Chock Full of Knots

The other night I woke to my whimpering Lab with GI distress. After our two-block walk at 3am and the evacuation of a few unscoopable, ladle-worthy messes, I was unable to fall back asleep. My typical soporific substitute for the sheep census is reading, but for some reason I didn’t feel like picking up the novel on the nightstand. So I practiced tying knots instead. Duh.

Over years of climbing and fishing, I have mastered a modest repertoire of knots including the figure eight, bowline, prusik, square, clove hitch, girth hitch, double half-hitch, slip, Bachman, Kleimheist, ring bend, double fisherman’s, butterfly, clinch, double surgeon’s, non-slip Mono, Albright, blood, and perfection loop. I was sixteen when I learned my first real knot, appropriately enough on a sailing trip from New Rochelle to Martha’s Vineyard. John, my late brother-in-law, taught me to tie the bowline using the infamous pedagogical device of the bunny and the tree. I’d like more rabbits and shrubbery in knot instruction.

During my practice session, I clipped two strands of monofilament (10 lb. test) and made a blood knot, technically a bend as it’s used to join two sections of line together. Then I grabbed a length of perlon and some paracord and tied an Albright, another bend, useful when joining lines of varying diameter.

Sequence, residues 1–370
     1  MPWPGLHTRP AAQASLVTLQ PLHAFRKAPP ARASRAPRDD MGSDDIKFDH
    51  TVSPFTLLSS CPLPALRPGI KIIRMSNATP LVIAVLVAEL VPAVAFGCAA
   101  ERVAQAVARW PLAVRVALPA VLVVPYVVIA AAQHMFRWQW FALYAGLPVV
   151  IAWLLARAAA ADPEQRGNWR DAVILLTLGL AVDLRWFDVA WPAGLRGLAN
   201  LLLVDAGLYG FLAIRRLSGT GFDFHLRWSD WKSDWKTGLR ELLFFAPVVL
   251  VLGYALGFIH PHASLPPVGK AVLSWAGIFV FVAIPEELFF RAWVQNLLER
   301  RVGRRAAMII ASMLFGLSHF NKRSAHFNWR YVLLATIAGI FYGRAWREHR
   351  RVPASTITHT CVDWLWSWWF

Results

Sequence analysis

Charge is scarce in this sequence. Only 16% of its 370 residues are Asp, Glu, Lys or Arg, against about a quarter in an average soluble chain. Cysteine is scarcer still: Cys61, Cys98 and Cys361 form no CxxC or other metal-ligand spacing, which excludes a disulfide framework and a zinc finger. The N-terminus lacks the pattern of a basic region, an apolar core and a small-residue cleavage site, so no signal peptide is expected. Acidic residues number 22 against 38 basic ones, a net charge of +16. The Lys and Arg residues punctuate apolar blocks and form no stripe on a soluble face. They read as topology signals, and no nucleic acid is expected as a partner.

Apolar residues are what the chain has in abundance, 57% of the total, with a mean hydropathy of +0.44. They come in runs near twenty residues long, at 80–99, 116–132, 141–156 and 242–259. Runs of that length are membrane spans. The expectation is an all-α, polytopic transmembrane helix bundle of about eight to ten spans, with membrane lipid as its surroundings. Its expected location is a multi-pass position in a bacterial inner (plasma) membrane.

For those who read The Shipping News by Annie Proulx, you might recall the knotty references, a hero named Quoyle, and a citation from The Ashley Book of Knots as epigraph to each chapter. I don’t own a copy of Ashley’s 1944 treatise, an illustrated compendium of more than 3,900 knots from the purely practical to utterly fanciful, but I feel strongly compelled to purchase it. Within its pages lies the answer to niggling questions like which is the best knot for hitching your ruminative camel? (Answer: the Picket-Line Hitch) Clifford Ashely’s classic was written well before the rise of Spectra and Kevlar, so some of the information (and knots) may not translate to modern materials.

To be sure, practicing knotcraft is not a cure for acute insomnia. But practice (even at 3am) makes perfect, and the penalty for imperfection might be light in the case of a lost fish, but heavy in other situations. Just remember to remove the bits of rope and cord from your bedside as such items could send the wrong message to a mate, relative or house guest.

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2 responses to “Chock Full of Knots

  1. “Knot” a bad idea for those insomniac moments. Always love reading your stuff.

  2. During my undergraduate days, I discovered that three paragraphs of Giles Goat Boy would send me into a sound sleep for six or seven hours. “Knot” nearly as useful or soul-fulfilling as your method. Write and tie on!

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